No prizes for getting into best schools
Published: Apr 25, 2013 06:33 PM


Illustration: Lu Ting/GT
Illustration: Lu Ting/GT


This week rescue efforts are still being made to save as many lives as possible in Lushan county, Sichuan Province after a magnitude 7.0 earthquake hit the area on April 20 and which has already claimed 196 lives.

A terror spree in Xinjiang Uyghur Autonomous Region killed 21 people on Tuesday which has drawn worldwide condemnation. It seems nothing major has occurred in Shanghai over the past seven days. But, in fact, parents of Shanghai's grade five primary school students are currently suffering the type of anxiety that some would describe as psychological torture.

Let me explain the country's junior high school recruitment policy first. China implements a nine-year compulsory education policy which means that all children can, and must, receive at least nine years of education. Shanghai is no exception to this rule, but it is the only city that has five elementary school years and four junior high years, while other parts of the country have six elementary years and three junior high years.

Shanghai parents are not alone with these anxieties; the parents of grade six pupils in other regions share their concerns.

But why should parents worry when the fact is that all children have access to a junior high school education?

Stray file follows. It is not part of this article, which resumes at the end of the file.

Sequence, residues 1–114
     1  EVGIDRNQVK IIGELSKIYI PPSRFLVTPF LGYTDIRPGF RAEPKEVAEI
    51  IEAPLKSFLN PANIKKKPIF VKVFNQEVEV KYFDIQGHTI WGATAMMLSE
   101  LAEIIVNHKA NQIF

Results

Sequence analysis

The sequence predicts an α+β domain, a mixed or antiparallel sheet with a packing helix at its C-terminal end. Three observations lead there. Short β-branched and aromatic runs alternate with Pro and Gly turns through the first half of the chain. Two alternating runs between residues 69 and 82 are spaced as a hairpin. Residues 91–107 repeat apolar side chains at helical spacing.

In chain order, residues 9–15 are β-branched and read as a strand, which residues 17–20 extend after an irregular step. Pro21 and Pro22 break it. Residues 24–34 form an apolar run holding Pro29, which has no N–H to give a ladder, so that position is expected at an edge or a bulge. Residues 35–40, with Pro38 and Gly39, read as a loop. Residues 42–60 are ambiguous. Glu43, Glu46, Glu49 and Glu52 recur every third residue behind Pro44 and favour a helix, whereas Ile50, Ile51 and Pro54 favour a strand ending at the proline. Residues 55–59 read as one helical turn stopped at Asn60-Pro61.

It is reported that Shanghai has 120,000 grade five students this year. At the same time, Shanghai has more than 1,300 primary schools and junior high schools.

Evaluated by history, reputation, location, the quality of teachers, past results, previous students, facilities and other factors, these schools are categorized as "excellent," "good," "average" or "bad," by most parents.

Inevitably, all parents will target the "excellent" schools, and which invariably receive thousands of applicants for their relatively limited number of places.

Unlike the citywide or nationwide entrance examinations for senior high schools and universities, there is no set exam for junior high school applicants.

Then what are the criteria for the schools to choose "top" students?

Usually, children from certain blocks of housing in the neighborhood of the school have the right to be admitted to the school, given that the school is a public institution. And this explains why house prices in certain areas are so much higher than in surrounding locales. Shanghai people refer to this kind of real estate as "school quarter houses."

Admittedly, if the guanxi (connections) network of a family is strong enough, there is also no need to worry about their children being admitted to a top school.

But the majority of ordinary families have good reason to worry about their child's educational future.